I have innumerable resources for soothing my inner struggles, but here are a few of my favorite techniques that really do always have a positive impact on my day.

  • Listen to music
    • I’ve made yoga playlists before (both upbeat and slow), which have a few of my all-time favorite songs. There is no shame in blasting songs that are nostalgic, or are just happy and upbeat, to help you get over your funk. My go-to song? “Be Gentle With Me” by The Boy Least Likely To. Go give it a listen!
  • Take a bath / get yourself clean
    • I have never felt as pure as when I got to visit a hammam in Morocco a few years go. I was scrubbed down with oils and something resembling a loofah, and I emerged from this dark, humid, cave-like room feeling about twenty pounds lighter. The nearest hammam is in Houston, but going to a sauna, or just pouring yourself a hot bath with Epsom salts can do the trick. Allowing yourself to feel warm and clean will help more than just your body.
  • Move
    • Go for a walk. Get to yoga. Run along the boardwalk. Hike through the Greenbelt. Cycle around the lake. Rock climb. Whatever you do, get your adrenaline pumping, and your heart racing. And then take that bath!
  • Solve a problem
    • When I’m feeling particularly down about work, I like to try and solve a problem. Whether it’s finally finding a solution for my curtains, or working on some Sudoku puzzles, or cleaning the kitchen from top to bottom, having a simple task that can be completed within an hour or so gives your ego the old boost you need.
  • Create something
    • Whether it’s a painting, a song, a shelf, a poem, or a photograph, let your creativity flow! And it’s best if you try something you don’t know if you’re good at – if it turns out badly, that’s okay, and if it turns out well, then hey! You’ve found a new talent!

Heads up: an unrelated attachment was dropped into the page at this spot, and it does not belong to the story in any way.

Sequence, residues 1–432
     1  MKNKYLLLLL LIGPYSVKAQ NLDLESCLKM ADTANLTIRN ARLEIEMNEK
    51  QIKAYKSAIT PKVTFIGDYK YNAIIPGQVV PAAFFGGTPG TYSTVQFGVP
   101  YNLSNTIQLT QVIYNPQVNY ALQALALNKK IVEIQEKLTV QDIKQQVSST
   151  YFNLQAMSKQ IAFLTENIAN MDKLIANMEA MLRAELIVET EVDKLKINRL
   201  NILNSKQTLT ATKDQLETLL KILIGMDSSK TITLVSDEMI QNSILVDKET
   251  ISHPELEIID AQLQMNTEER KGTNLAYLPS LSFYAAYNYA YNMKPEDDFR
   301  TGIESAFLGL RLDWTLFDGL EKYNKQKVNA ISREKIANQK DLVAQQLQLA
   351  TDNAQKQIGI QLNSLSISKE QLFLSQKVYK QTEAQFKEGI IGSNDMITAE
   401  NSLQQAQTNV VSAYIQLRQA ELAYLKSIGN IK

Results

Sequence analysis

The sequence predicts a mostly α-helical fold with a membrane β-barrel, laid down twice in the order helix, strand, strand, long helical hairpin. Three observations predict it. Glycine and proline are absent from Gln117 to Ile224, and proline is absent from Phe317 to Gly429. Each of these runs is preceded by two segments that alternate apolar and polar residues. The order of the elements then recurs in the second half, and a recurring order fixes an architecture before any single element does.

• Spill it all out
    • Talk to your friends! Pick up the phone and call your mother. Let someone else share your emotions with you, and be your soundboard. Maybe they won’t have a solution for whatever issue you’re dealing with, but talking out loud might give you a new perspective on what’s happening.
  • Meditate
    • Find a quiet place and close your eyes for a few minutes. If you don’t feel comfortable with meditation yet, download one of those apps (or just put on a video from YouTube), and allow yourself to be guided through some breathing. Hitting pause on your day can really boost your energy and allow you to feel more recharged.
  • Get some human contact
    • If you’re one of the unlucky people that doesn’t have a cat or dog to cuddle with, go forth and hug your friend, your father, your boyfriend, your neighbor, whomever. Touch is a very primal thing, and feeling physically close to someone that makes you happy boosts endorphins and helps you feel more relaxed.
  • Go to sleep
    • If all else fails – go to bed. Fluff up your pillows, put on your pajamas, close your blinds, and get some shut eye. After all, tomorrow’s a new day.

Yoga Journeys | Yoga Instructor Christine Catalano

Posted on: May 19th, 2016 By: